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City Council Approves Baldwin Neighborhood Name, Replacing Agassiz

Agassiz is a neighborhood between Porter Square and Harvard Square.
Agassiz is a neighborhood between Porter Square and Harvard Square. By Thomas Maisonneuve
By Raquel Coronell Uribe, Crimson Staff Writer

The Cambridge City Council on Aug. 2 unanimously approved the renaming of the Agassiz neighborhood north of Harvard to honor Maria L. Baldwin, the first Black female principal in the Northeast.

In February 2020, the City Council approved changing the name of the neighborhood, which previously commemorated Louis Agassiz, a 19th-century Harvard professor and proponent of scientific racism.

The origin for the name change can be traced back to Maya E. Counter ’24, who was a high school student when she first proposed a change nearly two years ago after researching the Agassiz name for her AP United States History class.

Cambridge Mayor Sumbul Siddiqui and Councilor Denise E. Simmons — who co-sponsored the 2020 order to begin the process of renaming the neighborhood as well as the Aug. 2 order that secured the Baldwin name — both praised Counter for her role.

“This name change furthers the City’s shared goals of better understanding, learning from, and engaging with our history,” Siddiqui wrote in an emailed statement. “I am so proud of Ms. Counter and her advocacy efforts around this name change.”

Simmons also lauded Counter’s efforts, writing in an email that the process of renaming the neighborhood has been “organic,” and something she is very supportive of.

“I just want to praise the effort and initiative demonstrated by Maya Counter, a young woman in our community who has been actively engaging with the history of our community and asking the critical questions around whom we choose to elevate in our local historical narrative, how those individuals have been portrayed, and who might not have as prominent a place in our story as they deserve?” Simmons wrote.

Counter, who lives in the neighborhood, said the change was relieving for her and represented a shift away from Agassiz’s racist legacy and an adoption of what Baldwin represented.

“Her dedication and passion to creating safe and engaging spaces for students, despite all the odds stacked against her as for other Black women, due to her gender, and her race, not only speaks to the kind of legacy the Cambridge community should be honoring, but the kind of legacies that should be replacing old white supremacists’ across the country,” Counter said.

Counter said it is important to note that Maria Baldwin was born during Louis Agassiz’s lifetime.

“It's just important to know that her time is not late after Agassiz's. For the people who say that he was a product of his time, you know, so was she,” Counter said. “So I think it's really important to choose the right kind of history to represent our present.”

The newly-minted Baldwin Neighborhood is home to a large part of Harvard’s campus, including Harvard Law School, Harvard Divinity School and the Museum of Natural History.

The Agassiz name is still featured on several University buildings, professorships and campus museums. Some Harvard staff and faculty have argued in the past, however, that the name honors Agassiz’s wife and son, and not Agassiz himself.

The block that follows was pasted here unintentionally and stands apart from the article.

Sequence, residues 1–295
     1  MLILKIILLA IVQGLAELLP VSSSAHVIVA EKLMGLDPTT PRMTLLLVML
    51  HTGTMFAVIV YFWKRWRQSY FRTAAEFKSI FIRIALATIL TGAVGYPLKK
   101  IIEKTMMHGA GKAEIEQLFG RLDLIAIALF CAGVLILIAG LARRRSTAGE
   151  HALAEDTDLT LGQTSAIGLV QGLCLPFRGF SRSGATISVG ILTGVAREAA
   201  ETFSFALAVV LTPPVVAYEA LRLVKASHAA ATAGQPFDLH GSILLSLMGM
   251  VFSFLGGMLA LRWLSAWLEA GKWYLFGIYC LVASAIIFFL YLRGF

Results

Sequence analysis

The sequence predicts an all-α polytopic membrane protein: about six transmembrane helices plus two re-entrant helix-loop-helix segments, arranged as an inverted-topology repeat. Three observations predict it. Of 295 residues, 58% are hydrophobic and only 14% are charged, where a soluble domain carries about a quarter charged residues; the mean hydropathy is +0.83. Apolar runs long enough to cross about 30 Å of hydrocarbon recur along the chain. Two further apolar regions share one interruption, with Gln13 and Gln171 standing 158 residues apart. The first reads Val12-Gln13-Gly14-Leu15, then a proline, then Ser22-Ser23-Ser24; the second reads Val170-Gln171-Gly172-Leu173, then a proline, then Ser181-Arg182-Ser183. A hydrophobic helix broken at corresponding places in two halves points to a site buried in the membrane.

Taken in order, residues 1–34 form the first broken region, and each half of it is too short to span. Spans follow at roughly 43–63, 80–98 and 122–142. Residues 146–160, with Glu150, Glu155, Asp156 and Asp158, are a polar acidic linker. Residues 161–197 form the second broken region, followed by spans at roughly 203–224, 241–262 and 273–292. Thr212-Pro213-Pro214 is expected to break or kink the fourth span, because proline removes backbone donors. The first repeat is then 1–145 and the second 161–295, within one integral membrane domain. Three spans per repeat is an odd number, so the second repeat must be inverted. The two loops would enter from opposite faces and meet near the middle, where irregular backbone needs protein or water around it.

The University’s ties to Agassiz also came under scrutiny after Tamara K. Lanier filed a lawsuit against Harvard in March 2019, claiming the rights to the Zealy Daguerreotypes. The items in question are several photographs that depict enslaved people and were commissioned by Louis Agassiz to support his arguments of scientific racism. According to Lanier, the people in the pictures, Renty and Delia, are her ancestors.

Lanier said Harvard can learn from Cambridge’s decision to scrub the Agassiz name from the city.

“Harvard needs to just jump on board, join the bandwagon and say, ‘You know what, we are not going to continue to celebrate and memorialize a racist,’” Lanier said. “That’s not hard.”

“When we have a historical figure, whose name connotates those kinds of dark chapters in our history it is our responsibility to, firstly, not only to rebuke this person, but also, wherever we see Louis Agassiz’s name, we need to make sure that the community understands who they are memorializing,” she added.

In October 2020, University President Lawrence S. Bacow announced a University-wide committee chaired by former University President Drew G. Faust charged with creating guidelines for renaming campus buildings, professorships, spaces and programs associated with “historical figures whose advocacy or support of activities would today be found abhorrent by members of the Harvard community.”

Counter said she urges the University to reflect on how a name like Agassiz’s might make Black students feel.

“I would say to Harvard, think about how that makes your Black students feel,” Counter said. “Think about how it feels to walk around on campus, seeing names of buildings reflective of a white supremacist.”

Harvard spokesperson Jason A. Newton declined to comment.

Counter said she was relieved by the name change, but expressed that there is still more to be done across Cambridge, saying that finding out Agassiz’s legacy has made her question who streets are named after and their legacies.

“It definitely feels like I can finally exhale,” Counter said. “But at the same time, this is just one thing. There’s so much more to do.”

—Staff writer Raquel Coronell Uribe can be reached at Follow her on Twitter @raquelco15.

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